The glove-making industry has been on a tear since the outbreak of Covid-19. As demand continues to surge, share prices of glove markers have shot up multi-fold, in tandem with earnings growth.

“We are selling what we can produce,” says Lee Jun Yih, executive director and finance director of UG Healthcare, whose production is running at full steam.

Along with the spike in demand, there have been so-called “spot” buyers who are happy to pay a premium so that they can get their hands on enough stock to resell. For the glove makers, this naturally means a much fatter margin.

However, Lee maintains that despite the spike in new demand, UG Healthcare is for now only selling to its long-term customers – a base of between 800 and 1,000 of them – as it is a sustainable relationship that’s really critical. “We want to make sure our long term customers stick with us,” he says.

To meet the higher demand, UG Healthcare is speeding up the reconfiguration of its production lines that will boost its ability to produce more.

Prior to the outbreak, it had planned to add an annual production capacity of 300 million pieces by end of June 2021.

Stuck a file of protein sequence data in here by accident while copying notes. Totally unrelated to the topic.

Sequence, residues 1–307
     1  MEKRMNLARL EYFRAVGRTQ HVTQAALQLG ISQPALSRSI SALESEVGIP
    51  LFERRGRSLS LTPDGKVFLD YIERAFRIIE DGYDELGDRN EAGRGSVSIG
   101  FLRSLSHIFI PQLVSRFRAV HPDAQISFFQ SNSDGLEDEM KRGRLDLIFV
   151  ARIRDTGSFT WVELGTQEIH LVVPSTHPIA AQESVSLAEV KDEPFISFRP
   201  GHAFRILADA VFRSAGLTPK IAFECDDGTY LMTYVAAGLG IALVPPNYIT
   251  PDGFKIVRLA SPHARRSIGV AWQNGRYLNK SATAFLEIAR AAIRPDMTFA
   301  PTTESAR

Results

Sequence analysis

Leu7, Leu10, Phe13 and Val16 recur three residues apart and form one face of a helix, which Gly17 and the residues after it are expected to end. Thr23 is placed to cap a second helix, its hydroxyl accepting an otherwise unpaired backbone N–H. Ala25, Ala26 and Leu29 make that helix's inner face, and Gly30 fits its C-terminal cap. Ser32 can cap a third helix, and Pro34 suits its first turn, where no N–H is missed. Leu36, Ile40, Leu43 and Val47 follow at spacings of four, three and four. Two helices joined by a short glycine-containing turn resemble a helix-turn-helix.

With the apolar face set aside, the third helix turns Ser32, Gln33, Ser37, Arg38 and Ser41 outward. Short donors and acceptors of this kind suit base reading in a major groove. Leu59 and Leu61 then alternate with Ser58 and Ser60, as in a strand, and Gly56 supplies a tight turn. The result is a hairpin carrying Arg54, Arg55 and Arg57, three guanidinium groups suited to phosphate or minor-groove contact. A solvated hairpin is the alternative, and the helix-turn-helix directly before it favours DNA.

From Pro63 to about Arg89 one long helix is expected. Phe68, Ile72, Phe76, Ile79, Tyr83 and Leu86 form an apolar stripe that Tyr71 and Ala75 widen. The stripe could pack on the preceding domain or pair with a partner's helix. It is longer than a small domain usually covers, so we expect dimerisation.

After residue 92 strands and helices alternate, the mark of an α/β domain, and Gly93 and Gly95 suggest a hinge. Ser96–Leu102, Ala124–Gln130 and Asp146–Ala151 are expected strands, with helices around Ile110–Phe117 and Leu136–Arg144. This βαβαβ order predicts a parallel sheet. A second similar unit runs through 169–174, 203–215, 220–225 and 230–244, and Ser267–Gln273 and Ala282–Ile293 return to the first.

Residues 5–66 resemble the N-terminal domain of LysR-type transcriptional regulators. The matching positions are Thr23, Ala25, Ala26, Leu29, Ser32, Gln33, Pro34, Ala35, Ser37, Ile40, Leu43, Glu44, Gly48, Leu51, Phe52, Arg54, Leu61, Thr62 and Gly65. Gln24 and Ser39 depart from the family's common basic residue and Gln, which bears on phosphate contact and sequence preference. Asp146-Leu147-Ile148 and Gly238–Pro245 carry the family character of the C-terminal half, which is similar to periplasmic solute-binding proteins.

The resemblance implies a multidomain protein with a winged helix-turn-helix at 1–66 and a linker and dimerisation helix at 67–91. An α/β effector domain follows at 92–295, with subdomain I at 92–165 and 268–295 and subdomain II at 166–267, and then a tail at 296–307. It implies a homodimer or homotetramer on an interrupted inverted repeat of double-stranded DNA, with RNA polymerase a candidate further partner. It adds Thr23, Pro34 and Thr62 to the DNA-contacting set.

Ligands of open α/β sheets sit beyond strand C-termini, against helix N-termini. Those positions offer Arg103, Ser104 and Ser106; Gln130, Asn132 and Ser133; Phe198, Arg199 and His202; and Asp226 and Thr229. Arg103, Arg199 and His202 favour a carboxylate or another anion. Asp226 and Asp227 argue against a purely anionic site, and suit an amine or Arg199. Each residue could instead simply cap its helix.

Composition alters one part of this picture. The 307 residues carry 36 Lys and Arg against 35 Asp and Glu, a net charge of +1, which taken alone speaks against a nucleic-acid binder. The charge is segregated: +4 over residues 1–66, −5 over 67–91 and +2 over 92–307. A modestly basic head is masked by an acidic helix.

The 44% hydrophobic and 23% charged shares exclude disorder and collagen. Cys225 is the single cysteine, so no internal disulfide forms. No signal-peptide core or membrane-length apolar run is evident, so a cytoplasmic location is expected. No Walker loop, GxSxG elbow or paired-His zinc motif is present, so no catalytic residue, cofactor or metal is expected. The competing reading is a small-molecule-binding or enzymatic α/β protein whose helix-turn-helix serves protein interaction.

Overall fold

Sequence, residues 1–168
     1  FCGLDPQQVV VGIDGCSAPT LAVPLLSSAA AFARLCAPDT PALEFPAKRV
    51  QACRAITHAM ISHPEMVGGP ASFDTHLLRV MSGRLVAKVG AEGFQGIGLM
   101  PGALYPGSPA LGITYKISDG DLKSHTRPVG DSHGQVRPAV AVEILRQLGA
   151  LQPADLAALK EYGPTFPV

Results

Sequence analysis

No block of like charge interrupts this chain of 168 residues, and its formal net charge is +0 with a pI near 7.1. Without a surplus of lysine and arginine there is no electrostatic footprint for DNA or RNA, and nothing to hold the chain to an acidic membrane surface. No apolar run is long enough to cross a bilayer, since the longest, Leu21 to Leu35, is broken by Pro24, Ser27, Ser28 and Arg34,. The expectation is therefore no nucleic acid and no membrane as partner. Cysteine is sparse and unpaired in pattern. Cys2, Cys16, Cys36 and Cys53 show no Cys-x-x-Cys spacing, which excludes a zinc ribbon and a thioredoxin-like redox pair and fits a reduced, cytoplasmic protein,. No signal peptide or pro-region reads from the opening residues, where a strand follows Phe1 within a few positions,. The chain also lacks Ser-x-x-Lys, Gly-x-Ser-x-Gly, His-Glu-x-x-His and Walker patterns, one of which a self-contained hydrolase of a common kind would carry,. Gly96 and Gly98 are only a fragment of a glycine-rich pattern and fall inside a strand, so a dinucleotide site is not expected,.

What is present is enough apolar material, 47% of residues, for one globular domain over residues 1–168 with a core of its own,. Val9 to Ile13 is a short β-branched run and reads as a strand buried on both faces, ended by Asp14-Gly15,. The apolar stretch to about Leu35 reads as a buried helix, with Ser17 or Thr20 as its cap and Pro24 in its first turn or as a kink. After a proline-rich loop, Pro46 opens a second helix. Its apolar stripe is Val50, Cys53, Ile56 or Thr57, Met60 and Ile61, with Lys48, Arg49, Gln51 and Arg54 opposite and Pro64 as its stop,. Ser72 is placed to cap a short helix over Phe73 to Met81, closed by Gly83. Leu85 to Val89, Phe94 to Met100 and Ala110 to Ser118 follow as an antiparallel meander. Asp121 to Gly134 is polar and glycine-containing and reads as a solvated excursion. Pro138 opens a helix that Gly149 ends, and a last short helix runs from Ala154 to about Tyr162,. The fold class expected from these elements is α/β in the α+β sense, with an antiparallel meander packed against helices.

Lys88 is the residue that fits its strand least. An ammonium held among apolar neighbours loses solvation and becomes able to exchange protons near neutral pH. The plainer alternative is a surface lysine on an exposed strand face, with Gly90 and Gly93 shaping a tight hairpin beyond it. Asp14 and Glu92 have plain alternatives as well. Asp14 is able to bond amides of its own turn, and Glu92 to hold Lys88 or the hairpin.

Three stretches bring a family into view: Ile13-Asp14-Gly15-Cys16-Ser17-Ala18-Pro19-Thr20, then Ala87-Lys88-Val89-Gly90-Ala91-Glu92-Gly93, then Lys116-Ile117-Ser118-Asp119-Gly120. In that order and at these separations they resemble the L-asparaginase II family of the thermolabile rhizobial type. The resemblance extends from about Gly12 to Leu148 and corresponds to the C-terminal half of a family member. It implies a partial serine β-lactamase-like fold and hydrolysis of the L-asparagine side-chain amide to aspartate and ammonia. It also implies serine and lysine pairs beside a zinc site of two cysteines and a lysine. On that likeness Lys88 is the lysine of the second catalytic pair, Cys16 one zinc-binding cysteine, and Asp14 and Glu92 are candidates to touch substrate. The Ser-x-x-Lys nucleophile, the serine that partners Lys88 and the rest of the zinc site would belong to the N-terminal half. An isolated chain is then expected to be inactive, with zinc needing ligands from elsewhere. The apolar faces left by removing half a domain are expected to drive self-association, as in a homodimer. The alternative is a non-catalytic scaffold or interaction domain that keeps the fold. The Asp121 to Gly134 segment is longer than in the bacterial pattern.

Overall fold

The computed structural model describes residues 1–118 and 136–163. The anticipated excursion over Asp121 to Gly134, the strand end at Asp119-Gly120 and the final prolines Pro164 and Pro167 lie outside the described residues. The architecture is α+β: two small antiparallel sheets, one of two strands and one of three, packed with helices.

It will now increase capacity by 500 million pieces by March next year. It is now planning yet another 1.2 billion pieces, which will bring its total capacity to 4.6 billion pieces. Prior to the outbreak, the capacity was 2.9 billion pieces.

While the bulk of the demand now comes from medical users, as economies reopen and businesses try to function with a semblance of normalcy, there will be new demand from non-medical users, such as those in food and beverage. 

On Aug 11, the company announced that revenue for 2HFY20 ended June 30 increased by 80.9% y-o-y to $91 million. However, thanks to higher selling prices, the company’s gross profit margin increased from 20% to 36%. 

As a result, its earnings surged more than 11 times to $12.6 million, from just $1.2 million in the year-earlier period. 

The company’s share price, like other glove makers, have already shot up in tandem with the higher earnings. On Aug 13, UG Healthcare shares closed at $2.99, up more than 2,000% year-to-date. 

Paul Chew, head of research at Phillip Securities, is optimistic that UG Healthcare’s run still has legs. “We think the demand-supply mismatch can persist into 2022,” writes Chew in his Aug 23 note, where he raised his target price to $4.15, up from $2.70.

He believes UG Healthcare is able to maintain the growth momentum because of its focus on emerging markets in South America and Africa, where competition with other brands and distributors is not as entrenched.

“And the penetration of gloves usage for these countries is low and provides an extra lever of growth compared to other developed countries,” writes Chew.